More information at eesi.org/nexus-between-water-energy-and-climate-shaping-long-term-policy-create-jobs-and-business-success-res
The Royal Danish Embassy and the Environmental and Energy Study Institute (EESI) held a Congressional forum focused on how Denmark, which currently holds the Presidency of the European Union (EU), is meeting the economic, environmental, and energy challenges of the 21st Century. Denmark's Minister for Trade and Investment, Pia Olsen Dyhr, was the keynote speaker for the event. Minister Dyhr focused on the nexus of energy, water and climate. These are issues important in the Congressional discussion underway on the Farm Bill and other energy and environmental legislation. Moreover, trade, investment, and international competitiveness are major concerns of Congress and the country overall, and Minister Dyhr made the case for long-term, stable investment as the gateway to job creation and economic growth.
This is a video from our briefing on biomass thermal energy as a benefit for households, economic development and energy security in our nation. The event featured speakers from American Wood Fibers, Sustainable Northwest, Maine Energy Systems and the USDA Forest Service. For more information including audio and presentations, please visit: eesi.org/111611_thermal
Experts speaking on Capitol Hill about district energy infrastructure. District energy systems distribute thermal energy (steam, hot water, and/or chilled water) through a network of underground pipes to multiple buildings in an area, such as a downtown district, college or hospital campus, airport, or military base. By aggregating the heating and air conditioning supply for multiple buildings, district energy systems optimize thermal energy efficiency. They also achieve economies of scale that allow for the use of low-carbon, cost-effective thermal energy sources – such as the “waste” heat from power plants or industrial processes, combined heat and power, geothermal energy, deep lake water, or municipal solid waste and other types of biomass – that may not be feasible for individual buildings. More information is available at eesi.org/092311_district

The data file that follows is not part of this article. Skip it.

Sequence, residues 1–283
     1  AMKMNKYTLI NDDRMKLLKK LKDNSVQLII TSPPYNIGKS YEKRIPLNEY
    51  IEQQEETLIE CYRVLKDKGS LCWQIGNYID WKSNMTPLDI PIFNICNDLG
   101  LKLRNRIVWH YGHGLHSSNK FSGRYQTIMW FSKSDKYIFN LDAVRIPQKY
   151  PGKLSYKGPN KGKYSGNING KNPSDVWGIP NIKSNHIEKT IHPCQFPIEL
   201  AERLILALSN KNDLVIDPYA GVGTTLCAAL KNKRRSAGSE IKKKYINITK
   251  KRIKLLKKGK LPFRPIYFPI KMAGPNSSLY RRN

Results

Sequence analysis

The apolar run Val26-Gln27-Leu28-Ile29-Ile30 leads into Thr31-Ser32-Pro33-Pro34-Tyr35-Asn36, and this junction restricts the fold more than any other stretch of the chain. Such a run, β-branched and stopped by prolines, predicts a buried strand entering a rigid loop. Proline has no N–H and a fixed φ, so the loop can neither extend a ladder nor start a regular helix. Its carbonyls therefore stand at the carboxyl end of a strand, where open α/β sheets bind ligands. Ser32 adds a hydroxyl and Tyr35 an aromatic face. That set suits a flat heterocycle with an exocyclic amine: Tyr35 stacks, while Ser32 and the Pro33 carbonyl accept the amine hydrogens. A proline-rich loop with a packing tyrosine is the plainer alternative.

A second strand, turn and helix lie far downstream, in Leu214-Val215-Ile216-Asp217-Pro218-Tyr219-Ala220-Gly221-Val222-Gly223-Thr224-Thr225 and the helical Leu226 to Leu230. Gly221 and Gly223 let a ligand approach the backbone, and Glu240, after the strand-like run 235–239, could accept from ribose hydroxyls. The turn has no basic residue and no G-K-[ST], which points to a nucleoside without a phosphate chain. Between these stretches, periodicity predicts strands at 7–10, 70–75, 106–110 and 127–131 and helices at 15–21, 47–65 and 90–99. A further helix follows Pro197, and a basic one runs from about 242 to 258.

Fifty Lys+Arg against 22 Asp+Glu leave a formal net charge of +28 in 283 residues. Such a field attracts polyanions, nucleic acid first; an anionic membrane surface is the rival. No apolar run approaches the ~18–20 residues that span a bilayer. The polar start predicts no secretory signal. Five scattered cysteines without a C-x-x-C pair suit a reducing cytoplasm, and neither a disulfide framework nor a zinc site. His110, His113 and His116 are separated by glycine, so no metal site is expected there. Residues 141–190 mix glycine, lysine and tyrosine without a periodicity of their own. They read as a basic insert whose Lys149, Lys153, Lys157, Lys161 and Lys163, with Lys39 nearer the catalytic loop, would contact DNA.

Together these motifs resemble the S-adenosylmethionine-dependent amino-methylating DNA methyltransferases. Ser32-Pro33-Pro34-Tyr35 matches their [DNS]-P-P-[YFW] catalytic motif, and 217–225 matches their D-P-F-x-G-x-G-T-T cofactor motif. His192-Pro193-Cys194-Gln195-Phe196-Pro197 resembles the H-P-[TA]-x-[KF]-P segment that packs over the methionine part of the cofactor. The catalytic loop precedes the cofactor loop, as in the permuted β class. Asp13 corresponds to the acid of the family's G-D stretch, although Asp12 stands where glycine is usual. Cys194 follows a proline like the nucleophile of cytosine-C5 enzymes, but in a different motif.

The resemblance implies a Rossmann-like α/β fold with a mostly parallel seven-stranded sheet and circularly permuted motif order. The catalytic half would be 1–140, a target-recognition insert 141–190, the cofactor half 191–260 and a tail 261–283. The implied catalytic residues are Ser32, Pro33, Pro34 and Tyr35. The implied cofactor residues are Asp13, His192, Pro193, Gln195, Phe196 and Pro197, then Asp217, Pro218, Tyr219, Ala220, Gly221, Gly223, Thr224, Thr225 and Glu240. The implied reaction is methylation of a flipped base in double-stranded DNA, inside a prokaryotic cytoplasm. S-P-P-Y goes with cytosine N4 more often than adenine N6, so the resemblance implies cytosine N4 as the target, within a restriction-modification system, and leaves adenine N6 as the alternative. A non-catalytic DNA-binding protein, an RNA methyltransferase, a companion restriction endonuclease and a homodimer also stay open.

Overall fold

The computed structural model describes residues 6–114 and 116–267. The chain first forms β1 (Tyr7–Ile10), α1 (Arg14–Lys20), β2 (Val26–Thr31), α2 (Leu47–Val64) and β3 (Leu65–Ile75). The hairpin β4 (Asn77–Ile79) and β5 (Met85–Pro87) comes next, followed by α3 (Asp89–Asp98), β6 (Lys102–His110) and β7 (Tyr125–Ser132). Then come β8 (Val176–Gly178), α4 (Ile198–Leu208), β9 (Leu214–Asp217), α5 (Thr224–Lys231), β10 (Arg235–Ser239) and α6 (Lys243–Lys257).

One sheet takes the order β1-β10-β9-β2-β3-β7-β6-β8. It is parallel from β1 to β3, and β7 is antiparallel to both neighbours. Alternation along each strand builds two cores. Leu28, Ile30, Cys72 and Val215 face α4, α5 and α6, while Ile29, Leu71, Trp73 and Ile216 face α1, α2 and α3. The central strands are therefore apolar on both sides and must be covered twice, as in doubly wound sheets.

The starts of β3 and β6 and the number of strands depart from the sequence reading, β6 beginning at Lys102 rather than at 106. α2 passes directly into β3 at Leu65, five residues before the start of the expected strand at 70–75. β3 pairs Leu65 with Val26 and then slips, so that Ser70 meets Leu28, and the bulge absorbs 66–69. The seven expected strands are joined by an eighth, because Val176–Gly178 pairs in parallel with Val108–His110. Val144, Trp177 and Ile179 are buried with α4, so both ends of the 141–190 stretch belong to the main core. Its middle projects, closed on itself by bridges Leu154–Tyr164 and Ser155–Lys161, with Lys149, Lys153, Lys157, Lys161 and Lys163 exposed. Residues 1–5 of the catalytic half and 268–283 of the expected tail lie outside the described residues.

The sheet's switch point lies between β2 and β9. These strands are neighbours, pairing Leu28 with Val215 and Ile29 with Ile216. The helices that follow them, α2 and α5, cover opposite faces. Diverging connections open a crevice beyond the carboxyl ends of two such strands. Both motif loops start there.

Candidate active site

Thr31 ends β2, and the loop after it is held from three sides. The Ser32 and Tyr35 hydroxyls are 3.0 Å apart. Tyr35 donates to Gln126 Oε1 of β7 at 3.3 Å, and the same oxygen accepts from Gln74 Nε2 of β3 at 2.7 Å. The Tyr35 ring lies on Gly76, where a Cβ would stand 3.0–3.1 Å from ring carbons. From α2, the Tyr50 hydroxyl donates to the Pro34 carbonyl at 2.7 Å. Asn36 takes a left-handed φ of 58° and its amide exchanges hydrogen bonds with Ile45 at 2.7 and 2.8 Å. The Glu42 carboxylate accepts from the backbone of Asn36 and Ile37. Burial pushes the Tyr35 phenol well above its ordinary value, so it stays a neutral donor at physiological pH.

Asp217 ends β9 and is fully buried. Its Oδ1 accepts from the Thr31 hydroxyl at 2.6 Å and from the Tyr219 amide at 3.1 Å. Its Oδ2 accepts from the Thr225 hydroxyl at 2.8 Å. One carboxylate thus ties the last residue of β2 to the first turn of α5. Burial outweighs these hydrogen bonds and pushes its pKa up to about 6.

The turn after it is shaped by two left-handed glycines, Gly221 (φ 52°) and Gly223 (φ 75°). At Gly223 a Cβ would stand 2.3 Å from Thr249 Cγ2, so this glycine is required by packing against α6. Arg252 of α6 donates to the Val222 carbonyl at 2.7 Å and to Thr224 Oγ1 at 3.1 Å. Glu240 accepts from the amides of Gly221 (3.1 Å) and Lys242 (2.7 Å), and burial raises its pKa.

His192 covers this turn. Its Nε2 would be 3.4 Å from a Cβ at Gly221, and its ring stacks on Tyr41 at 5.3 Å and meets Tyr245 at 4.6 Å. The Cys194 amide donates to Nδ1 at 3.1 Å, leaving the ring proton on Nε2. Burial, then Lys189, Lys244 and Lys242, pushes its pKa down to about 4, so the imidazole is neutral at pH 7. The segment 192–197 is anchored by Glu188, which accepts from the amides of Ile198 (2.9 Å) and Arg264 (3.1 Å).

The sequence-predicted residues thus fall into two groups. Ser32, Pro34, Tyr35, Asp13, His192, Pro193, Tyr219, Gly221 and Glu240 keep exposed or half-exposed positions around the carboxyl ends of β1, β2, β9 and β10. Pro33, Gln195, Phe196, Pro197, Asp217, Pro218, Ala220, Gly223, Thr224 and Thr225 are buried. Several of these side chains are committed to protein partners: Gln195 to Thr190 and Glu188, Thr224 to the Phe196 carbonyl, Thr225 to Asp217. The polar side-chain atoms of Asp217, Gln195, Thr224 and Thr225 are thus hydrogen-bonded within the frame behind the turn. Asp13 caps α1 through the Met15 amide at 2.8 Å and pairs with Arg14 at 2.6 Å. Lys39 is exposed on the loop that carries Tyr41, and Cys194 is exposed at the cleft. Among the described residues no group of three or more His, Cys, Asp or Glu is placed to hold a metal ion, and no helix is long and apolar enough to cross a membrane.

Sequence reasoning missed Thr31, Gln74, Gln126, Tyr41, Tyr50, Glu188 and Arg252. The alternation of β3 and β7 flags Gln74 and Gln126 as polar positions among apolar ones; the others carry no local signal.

Experts speaking on Capitol Hill about the huge potential for solar-reflective roofs and other “cool-roofing” techniques to lower the surface temperature of buildings and entire cities. Cool roofs improve comfort on hot summer days and reduce the amount of energy used for air-conditioning – thereby reducing energy costs and improving air quality. Whitening flat roofs is a low-cost solution which, if implemented in certain cities across the globe, has been estimated to have the potential to offset the carbon emissions of 300 million automobiles. More information is available at bit.ly/CoolRf
Experts speaking on Capitol Hill about the energy title of the Farm Bill, with a special focus on the Rural Energy for America Program. The Rural Energy for America Program (REAP) incentivizes a broad range of energy efficiency and renewable energy technologies for all agricultural sectors across the country. As a result, thousands of rural producers and businesses are slashing energy costs with energy efficiency and renewable energy. They also are earning new income from renewable energy and creating new jobs, income, and wealth across rural America. More information is available at eesi.org/071911_reap